PARKER’S ITINERARY. –Rev. Samuel Parker was a Presbyterian missionary who came West in 1835 with Dr. Marcus Whitman to Green River, Wyoming, where they met so many Indians desiring their services that Doctor Whitman returned East for more workers while Reverend Parker traveled with a company of Nez Perces to the Walla Walla River. They left Green River August 21, 1835, crossed Teton Pass into Teton basin and toward the Snake River which they crossed at the mouth of Fall River on September 1st; thence across Camas and Beaver creeks to Medicine Lodge Creek and into Sheep Creek basin, Montana; thence on to the Lemhi River September 11th; thence passing down the Lemhi and Salmon rivers, arriving at Bonneville’s Fort on the Salmon River September 15th. They followed the Lewis and Clark trail until it intersected the Nez Perce trail which latter trail they followed to the Clearwater River and thence down to Snake River and on to Walla Walla where Reverend Parker selected Waiilatpu as the site for Doctor Whitman’s mission.

(Editor’s Note: “Waiilatpu” means “place of rye grass” and refers generally to Walla Walla County in Washington State.)

Payette Lake from Ponderosa State Park. Photo: McCall Digest

PAYETTE LAKE. –This is the name given to a geologic fresh water lake thus called because its formation is so well exposed along the Payette River. The earth was built up in the Formative eon after which the Gradational eon, that of erosion and sedimentation, began, which occupied about 200,000,000 years. Up to 15,000,000 years ago the Snake River had eroded the surface of its basin to a low gradient. The valley of the main stream, the ancient representative of Snake River, became broad and had many important tributary valleys opening from it and extending far into the bordering mountains. Its topography had come to maturity, but in the Cretaceous period there was an upward movement of rocks resulting in the upheaval of the mother lode, which was thrown athwart the course of the Snake River in western Idaho and eastern Oregon forming a lake which covered the Snake River plains now called Payette Lake. It was of Miocene age and stood about 4000 feet above sea level, being about 2500 feet at its deepest point. Some 5,000,000 years ago this lake received the outpour of one of the greatest lava flows known in geology, the Tertiary lava of the Columbia River basin, since which time the streams of the Snake River plains have worn and cut their way to their present conditions.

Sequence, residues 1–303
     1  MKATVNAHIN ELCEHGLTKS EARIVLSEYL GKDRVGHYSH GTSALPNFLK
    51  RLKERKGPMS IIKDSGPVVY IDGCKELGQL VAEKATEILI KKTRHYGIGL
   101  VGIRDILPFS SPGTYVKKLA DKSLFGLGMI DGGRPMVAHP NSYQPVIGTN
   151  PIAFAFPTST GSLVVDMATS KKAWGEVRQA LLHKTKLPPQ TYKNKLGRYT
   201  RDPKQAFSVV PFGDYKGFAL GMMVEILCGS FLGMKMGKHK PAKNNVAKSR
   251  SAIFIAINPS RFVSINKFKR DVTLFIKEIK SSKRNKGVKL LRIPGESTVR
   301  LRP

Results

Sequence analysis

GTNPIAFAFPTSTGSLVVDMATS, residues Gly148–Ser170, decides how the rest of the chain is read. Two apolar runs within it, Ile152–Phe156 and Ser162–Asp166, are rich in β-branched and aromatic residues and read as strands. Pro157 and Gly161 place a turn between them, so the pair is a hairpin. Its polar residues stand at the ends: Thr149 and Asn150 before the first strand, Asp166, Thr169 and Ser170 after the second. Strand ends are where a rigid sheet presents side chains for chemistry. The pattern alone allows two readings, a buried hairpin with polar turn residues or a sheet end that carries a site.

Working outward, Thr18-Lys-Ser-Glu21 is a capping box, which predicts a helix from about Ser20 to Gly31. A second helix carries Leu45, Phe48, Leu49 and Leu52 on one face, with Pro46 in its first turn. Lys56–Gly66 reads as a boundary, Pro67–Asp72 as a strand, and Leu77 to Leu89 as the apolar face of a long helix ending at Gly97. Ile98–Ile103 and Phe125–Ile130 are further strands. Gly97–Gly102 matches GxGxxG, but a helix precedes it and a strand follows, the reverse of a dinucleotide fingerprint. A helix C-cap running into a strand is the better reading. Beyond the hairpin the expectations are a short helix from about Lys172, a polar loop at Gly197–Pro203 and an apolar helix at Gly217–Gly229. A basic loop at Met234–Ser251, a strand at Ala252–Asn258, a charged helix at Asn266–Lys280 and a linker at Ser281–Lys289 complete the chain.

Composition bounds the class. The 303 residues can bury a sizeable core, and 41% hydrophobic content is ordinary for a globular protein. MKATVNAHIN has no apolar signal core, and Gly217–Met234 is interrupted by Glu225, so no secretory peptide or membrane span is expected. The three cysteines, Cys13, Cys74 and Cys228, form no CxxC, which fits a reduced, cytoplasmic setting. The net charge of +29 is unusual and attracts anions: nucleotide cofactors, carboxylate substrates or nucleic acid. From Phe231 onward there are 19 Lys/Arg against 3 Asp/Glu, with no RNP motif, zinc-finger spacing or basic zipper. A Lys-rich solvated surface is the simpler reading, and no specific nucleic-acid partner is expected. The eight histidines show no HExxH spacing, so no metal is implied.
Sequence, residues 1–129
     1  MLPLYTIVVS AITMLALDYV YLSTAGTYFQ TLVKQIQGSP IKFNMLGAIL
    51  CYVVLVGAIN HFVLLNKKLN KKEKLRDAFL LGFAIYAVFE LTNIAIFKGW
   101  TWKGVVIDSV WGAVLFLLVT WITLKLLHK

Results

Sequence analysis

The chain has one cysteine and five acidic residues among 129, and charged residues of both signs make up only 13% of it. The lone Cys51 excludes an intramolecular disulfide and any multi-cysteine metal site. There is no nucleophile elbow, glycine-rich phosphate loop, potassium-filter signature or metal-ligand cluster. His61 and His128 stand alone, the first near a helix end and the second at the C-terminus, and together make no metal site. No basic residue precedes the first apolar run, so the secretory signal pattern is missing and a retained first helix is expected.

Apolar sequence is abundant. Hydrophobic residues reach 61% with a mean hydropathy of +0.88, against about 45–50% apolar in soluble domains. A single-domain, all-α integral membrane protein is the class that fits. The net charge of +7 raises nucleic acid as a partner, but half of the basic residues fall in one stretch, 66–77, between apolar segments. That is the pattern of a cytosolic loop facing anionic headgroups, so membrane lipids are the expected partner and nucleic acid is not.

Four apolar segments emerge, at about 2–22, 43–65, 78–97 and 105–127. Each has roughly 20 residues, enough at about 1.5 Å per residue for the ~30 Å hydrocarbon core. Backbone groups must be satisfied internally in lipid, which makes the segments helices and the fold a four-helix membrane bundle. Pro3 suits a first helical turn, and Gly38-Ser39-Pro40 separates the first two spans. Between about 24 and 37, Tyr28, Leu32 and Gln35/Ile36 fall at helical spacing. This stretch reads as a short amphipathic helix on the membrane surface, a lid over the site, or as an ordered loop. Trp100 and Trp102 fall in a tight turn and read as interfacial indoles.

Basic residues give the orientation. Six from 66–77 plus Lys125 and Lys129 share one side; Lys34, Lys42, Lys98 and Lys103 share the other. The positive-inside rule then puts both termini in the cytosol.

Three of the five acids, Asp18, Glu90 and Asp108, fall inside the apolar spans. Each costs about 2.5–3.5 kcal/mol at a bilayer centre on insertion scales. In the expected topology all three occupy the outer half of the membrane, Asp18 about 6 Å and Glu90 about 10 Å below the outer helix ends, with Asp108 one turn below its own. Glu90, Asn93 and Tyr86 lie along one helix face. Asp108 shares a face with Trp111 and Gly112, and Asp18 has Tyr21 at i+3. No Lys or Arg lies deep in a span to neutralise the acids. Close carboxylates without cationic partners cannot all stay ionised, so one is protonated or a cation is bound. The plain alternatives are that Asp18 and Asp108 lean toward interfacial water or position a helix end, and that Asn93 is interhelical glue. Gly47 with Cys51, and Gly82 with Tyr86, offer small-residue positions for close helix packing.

(Editor’s Note: According to Idaho Fish and Game, Payette Lake in Valley County is 4,986.7 acres at an elevation of 4,986 feet above sea level. Other sources say that the lake is 392 feet at its deepest.)

PAYETTE RIVER, Payette County. –This river was named for Francis Payette who in 1818 led a small party of Hudson Bay trappers along this stream to catch beaver. He was afterwards the trader in charge at Fort Boise for the Hudson Bay Company.

Beaver pelt, mid-1800s. National Museum of American History.

Finished beaver pelt hat.